Feeds

MS ‘screw Linux’ Blade tech debuts in… Transmeta servers

'Clarity of Intellectual Property ownership'? Phew.

  • alert
  • submit to reddit

Choosing a cloud hosting partner with confidence

Right on cue - and on a day of rolling black outs in California - Transmeta server startup RLX Technology took the wraps off its much talked-about baby. It's a superdense server fitting up to 336 Transmeta CPUs in a rack that can be populated by at most 42 CPUs using today's Intel boards. Transmeta CPUs are slower than their Chipzilla counterparts, but RLX reckons the density more than compensates for clock speed. And power consumption is dramatically down.

Each 'blade' - and RLX wants you to think blades, mentioning the word no fewer than 24 times in its press release - uses 15W of power. It's practically fanless - RLX claims an 18:1 reduction in the number needed per rack - and we imagine, pretty quiet too as a consequence. All for under $5,000. Very nice.

But blink and you'll miss it, it's the debut for Microsoft's me-too server appliance technology, which we wrote about here. Coincidentally, Microsoft launched its Server Appliance Kit on Monday

As we noted then, Microsoft spends a lot of time as a software company reminding us that it doesn't do hardware. And it's been figuring out a way of stemming market share loss to Linux in various areas, with web hosting being one of the most prominent. That's prominent as opposed to lucrative - the commodity file and print services that Samba offers is a more subversive and far more damaging hit to Microsoft's revenue stream than the web hosting niche - it's just that it's more visible, as NetCraft's 'What is that site running?' question is just so easy to answer.

RLX comes in two flavours, with Red Hat Linux or <f/x: drum roll> the Windows Powered Web Server. Redmond actually snuck this out of the door on Monday, and you can read all about it here..

Note that two of the compelling features that Microsoft boasts for the Server Appliance Kit are 'clarity of Intellectual Property Ownership' and 'Predictability of the Development Process'. This is the first time we've seen Microsoft give up its position of lofty distain towards Linux and software libre in its product marketing materials, and after Craig Mundie's assault on open source (and GPL) last week, we can conclude that there'll be plenty more where this came from.

Related Link

RLX

Related Stories

WinXP Blade: MS' plan to kill off Linux Web servers
MS to tout 'shared source philosophy', compare GNU to bubble economy
Show us the source, then Mr Mundie - developers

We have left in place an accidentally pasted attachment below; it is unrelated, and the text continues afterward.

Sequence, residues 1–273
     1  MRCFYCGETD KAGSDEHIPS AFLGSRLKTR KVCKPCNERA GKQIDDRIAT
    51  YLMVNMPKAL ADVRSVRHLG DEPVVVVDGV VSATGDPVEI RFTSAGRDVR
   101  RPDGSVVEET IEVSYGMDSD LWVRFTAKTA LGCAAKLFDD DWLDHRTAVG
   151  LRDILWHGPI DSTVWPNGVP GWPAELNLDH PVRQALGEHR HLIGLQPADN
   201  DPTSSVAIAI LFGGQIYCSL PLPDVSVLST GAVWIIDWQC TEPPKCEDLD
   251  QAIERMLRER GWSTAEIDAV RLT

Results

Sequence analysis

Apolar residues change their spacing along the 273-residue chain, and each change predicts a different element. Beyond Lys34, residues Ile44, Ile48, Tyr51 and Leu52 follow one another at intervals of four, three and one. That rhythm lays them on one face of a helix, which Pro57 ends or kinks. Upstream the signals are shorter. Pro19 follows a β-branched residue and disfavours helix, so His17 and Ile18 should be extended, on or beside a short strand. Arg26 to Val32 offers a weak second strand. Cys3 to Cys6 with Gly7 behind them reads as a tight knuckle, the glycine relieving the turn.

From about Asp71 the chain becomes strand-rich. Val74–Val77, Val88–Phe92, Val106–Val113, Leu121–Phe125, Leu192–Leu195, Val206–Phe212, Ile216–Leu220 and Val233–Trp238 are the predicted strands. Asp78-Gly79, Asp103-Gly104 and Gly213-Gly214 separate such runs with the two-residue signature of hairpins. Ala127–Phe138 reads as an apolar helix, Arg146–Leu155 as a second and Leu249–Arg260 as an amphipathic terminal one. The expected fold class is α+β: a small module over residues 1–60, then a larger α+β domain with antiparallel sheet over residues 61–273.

Mundie retrofits Net visionary tag to Chairman Gates
Intel's blades slice Transmeta's server party
Transmeta chief talks Crusoe megaservers with The Reg

Secure remote control for conventional and virtual desktops

More from The Register

next story
Netscape Navigator - the browser that started it all - turns 20
It was 20 years ago today, Marc Andreeesen taught the band to play
Sway: Microsoft's new Office app doesn't have an Undo function
Content aggregation, meet the workplace ... oh
Sign off my IT project or I’ll PHONE your MUM
Honestly, it’s a piece of piss
Return of the Jedi – Apache reclaims web server crown
.london, .hamburg and .公司 - that's .com in Chinese - storm the web server charts
Chrome 38's new HTML tag support makes fatties FIT and SKINNIER
First browser to protect networks' bandwith using official spec
Admins! Never mind POODLE, there're NEW OpenSSL bugs to splat
Four new patches for open-source crypto libraries
Torvalds CONFESSES: 'I'm pretty good at alienating devs'
Admits to 'a metric ****load' of mistakes during work with Linux collaborators
prev story

Whitepapers

Forging a new future with identity relationship management
Learn about ForgeRock's next generation IRM platform and how it is designed to empower CEOS's and enterprises to engage with consumers.
Cloud and hybrid-cloud data protection for VMware
Learn how quick and easy it is to configure backups and perform restores for VMware environments.
Three 1TB solid state scorchers up for grabs
Big SSDs can be expensive but think big and think free because you could be the lucky winner of one of three 1TB Samsung SSD 840 EVO drives that we’re giving away worth over £300 apiece.
Reg Reader Research: SaaS based Email and Office Productivity Tools
Read this Reg reader report which provides advice and guidance for SMBs towards the use of SaaS based email and Office productivity tools.
Security for virtualized datacentres
Legacy security solutions are inefficient due to the architectural differences between physical and virtual environments.